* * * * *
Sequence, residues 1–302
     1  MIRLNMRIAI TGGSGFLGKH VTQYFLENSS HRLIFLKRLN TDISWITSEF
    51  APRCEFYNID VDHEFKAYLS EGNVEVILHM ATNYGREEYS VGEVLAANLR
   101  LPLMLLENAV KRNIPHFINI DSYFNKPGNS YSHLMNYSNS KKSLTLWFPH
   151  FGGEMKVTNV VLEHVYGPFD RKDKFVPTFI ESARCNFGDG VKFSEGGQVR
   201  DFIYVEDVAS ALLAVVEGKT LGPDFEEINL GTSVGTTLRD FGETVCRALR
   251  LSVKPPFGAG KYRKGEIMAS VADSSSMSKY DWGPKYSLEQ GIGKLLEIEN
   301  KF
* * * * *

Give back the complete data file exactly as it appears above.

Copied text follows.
Sequence, residues 1–302
     1  MIRLNMRIAI TGGSGFLGKH VTQYFLENSS HRLIFLKRLN TDISWITSEF
    51  APRCEFYNID VDHEFKAYLS EGNVEVILHM ATNYGREEYS VGEVLAANLR
   101  LPLMLLENAV KRNIPHFINI DSYFNKPGNS YSHLMNYSNS KKSLTLWFPH
   151  FGGEMKVTNV VLEHVYGPFD RKDKFVPTFI ESARCNFGDG VKFSEGGQVR
   201  DFIYVEDVAS ALLAVVEGKT LGPDFEEINL GTSVGTTLRD FGETVCRALR
   251  LSVKPPFGAG KYRKGEIMAS VADSSSMSKY DWGPKYSLEQ GIGKLLEIEN
   301  KF